Ultimate Fighting Championship (UFC) Middleweight strikers Israel Adesanya and Alex Pereira will clash TONIGHT (Sat., Nov. 12, 2022) at UFC 281 from inside Madison Square Garden in New York City, New York.
Adesanya is one of the most dominant champions in the sport. He’s defended his title five times in a relatively short span, turning away most of the Top Five in the process. As a result, UFC started looking outside the normal box of options. Pereira, fearsome knockout artist with a pair of wins over Adesanya, was an easy choice. However, “Poatan” had to do his part of win a trio of increasingly difficult UFC fights. He’s climbed the ladder enough to make a title shot reasonable, and now fight fans are getting treated to very arguably the greatest striking match up in mixed martial arts (MMA) history.
Let’s take a closer look at the keys to victory for each man:
Key Wins: Robert Whittaker (UFC 271, UFC 243), Jared Cannonier (UFC 276), Marvin Vettori (UFC 263, UFC on FOX 29), Paulo Costa (UFC 253), Yoel Romero (UFC 248), Kelvin Gastelum (UFC 236, Derek Brunson (UFC 230), Anderson Silva (UFC 234)
Key Losses: Jan Blachowicz (UFC 259)
Keys to Victory: Adesanya is probably the best range technician in the sport. He manages distance so well, forcing foes to trade from ranges they simply cannot keep up in. He remains ever a step ahead on the strength of his feints and defensive movement, allowing him to pick up rounds while hunting for that perfect counter shot.
Pereira represents a very interesting challenge for “Stylebender.” The Brazilian nearly matches Adesanya’s build, eliminating his usual default range edge. Plus, Pereira’s kickboxing experience means he’s far from helpless at distance, even if he still prefers closer trades than Adesanya.
Range control is likely to be the deciding factor. Adesanya’s footwork will be tested, as he can only enter the pocket on his own terms. If pushed back into the fence, he’s in a ton of danger, so avoiding that black line on the outskirts of UFC’s canvas will be vital.
One way or another, Adesanya will have to earn Pereira’s respect with his hands. A stiff jab will help, but to really back off Pereira, it would help if Adesanya managed to land some hard counters early. Bruno Silva managed to do so by slipping Pereira’s infamous left hook and firing back in combination, so perhaps that’s a potential revenue to early success for the champion as well.
Key Wins: Sean Strickland (UFC 276), Bruno Silva (UFC Vegas 50), Andres Michalidis (UFC 268)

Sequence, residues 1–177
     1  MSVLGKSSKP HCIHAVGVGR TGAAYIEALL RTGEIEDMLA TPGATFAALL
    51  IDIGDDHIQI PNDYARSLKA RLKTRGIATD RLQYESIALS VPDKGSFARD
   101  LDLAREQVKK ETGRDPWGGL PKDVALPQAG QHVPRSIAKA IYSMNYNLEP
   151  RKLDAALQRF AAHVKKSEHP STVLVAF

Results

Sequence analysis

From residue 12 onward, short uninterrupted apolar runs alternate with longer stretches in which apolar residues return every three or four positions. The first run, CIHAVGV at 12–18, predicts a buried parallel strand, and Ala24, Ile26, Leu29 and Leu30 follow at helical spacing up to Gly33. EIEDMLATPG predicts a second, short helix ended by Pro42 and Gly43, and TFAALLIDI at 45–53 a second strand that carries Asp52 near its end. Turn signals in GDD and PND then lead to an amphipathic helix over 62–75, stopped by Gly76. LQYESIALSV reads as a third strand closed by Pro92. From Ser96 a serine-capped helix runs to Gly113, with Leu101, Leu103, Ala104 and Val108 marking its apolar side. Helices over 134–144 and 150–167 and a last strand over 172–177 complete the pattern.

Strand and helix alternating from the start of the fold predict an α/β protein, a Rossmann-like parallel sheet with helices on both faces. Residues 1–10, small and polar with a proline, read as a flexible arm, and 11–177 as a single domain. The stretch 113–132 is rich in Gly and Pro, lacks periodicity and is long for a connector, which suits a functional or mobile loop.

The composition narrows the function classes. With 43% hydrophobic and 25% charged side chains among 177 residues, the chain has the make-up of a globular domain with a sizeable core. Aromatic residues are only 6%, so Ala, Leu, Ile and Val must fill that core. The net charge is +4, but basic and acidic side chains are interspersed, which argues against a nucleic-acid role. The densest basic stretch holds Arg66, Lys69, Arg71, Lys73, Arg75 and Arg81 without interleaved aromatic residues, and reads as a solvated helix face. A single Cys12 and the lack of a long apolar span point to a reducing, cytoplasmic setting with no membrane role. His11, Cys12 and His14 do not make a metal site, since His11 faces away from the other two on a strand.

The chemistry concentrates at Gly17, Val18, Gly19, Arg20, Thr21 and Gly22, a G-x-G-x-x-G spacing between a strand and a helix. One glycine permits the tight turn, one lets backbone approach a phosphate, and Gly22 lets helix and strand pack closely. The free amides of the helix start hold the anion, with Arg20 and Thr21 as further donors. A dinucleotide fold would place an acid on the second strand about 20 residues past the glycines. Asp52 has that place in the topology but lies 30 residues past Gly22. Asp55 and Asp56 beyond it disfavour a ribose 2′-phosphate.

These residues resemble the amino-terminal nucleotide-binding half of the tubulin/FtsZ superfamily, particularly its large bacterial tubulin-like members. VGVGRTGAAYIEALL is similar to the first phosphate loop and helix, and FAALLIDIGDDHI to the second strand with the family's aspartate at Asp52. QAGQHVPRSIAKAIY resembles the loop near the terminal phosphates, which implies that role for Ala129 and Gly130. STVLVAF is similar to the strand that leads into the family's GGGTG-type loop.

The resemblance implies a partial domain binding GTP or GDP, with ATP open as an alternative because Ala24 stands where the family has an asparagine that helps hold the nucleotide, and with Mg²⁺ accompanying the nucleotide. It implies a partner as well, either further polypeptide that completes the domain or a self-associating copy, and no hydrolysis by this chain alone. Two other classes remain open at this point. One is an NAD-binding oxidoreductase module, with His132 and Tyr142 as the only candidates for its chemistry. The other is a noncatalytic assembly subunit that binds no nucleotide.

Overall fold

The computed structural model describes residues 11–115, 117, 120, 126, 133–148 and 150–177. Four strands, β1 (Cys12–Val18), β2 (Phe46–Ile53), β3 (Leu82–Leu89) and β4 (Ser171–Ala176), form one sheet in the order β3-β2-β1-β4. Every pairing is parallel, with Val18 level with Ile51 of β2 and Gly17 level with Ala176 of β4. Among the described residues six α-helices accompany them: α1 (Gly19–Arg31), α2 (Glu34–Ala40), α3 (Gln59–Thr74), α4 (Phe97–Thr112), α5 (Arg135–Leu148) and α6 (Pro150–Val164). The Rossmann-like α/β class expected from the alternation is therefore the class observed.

Key Losses: None
Keys to Victory: Pereira punches simply melt people. All too often in MMA, power punches with that unique level of death touch fail to develop further as technicians. Pereira, however, has the patience and craft of a hunter stalking his prey, as he’s routinely demonstrated excellent shot selection and smart strategy in setting up his heavy blows.
In terms of big picture strategy, the idea here for Pereira should be to fight as if the knockout is not going to land. Obviously, his best shot at claiming the title ends with an unconscious “Stylebender,” but he stands more likely to land that shot if he’s trying to keep up with Adesanya on the numbers game.
Most of Adesanya’s opponents cannot compete with him at range, but Pereira can. He also can dig low kicks and snap his right teep into the torso. Since Adesanya makes his money by pulling his head back to avoid blows, Pereira would be wise to do more attacking at easier targets, as slowing Adesanya down will help keep his chin a touch more stationary.
I’d like to see Pereira really focus on cutting the cage as well. Adesanya is mobile, and the Octagon has fewer tight corners than a kickboxing ring, but Pereira could really make his opponent pay if he traps him along the cage just a couple times.
Big moments can easily win rounds, and that would force Adesanya to engage more — a potentially vicious cycle that could end an incredible championship reign.
It’s tough to argue this is the best kickboxers battle in UFC history ... and there’s a title on the line.
Credit to Adesanya, he’s ran through the division so thoroughly that UFC had to dig into his kickboxing history to find an opponent. If Adesanya passes this test too, he deserves his opportunity to jump up to whatever weight class he’d like. As much as I’d like to believe Robert Whittaker is still a challenge for a potential third fight, is that really worth preventing Adesanya from attempting to achieve greater things?
As for Pereira, his history with Adesanya has granted him the opportunity for an unreasonably quick rise to title contention. Victory here grants him the undisputed crown and likely an immediate rematch, but it still leaves him in a confusing position. Clearly, he’d be the sport’s best kickboxer if he takes out “Stylebender,” but is he really the best MMA fighter at 185 lbs. without fighting a grinder like Vettori, Brunson or even Bo Nickal?
Fortunately, that speculation hardly matters compared to raising UFC gold.
At UFC 281, Israel Adesanya and Alex Pereira will compete for the third time. Which man emerges victorious?
Remember that MMAmania.com will deliver LIVE round-by-round, blow-by-blow coverage of the entire UFC 281 fight card right here, starting with the early ESPN+ “Prelims” matches online, which are scheduled to begin at 6 p.m. ET, then the remaining undercard (on ESPNEWS/ESPN+) at 8 p.m. ET, before the PPV main card start time at 10 p.m. ET on ESPN+ PPV.
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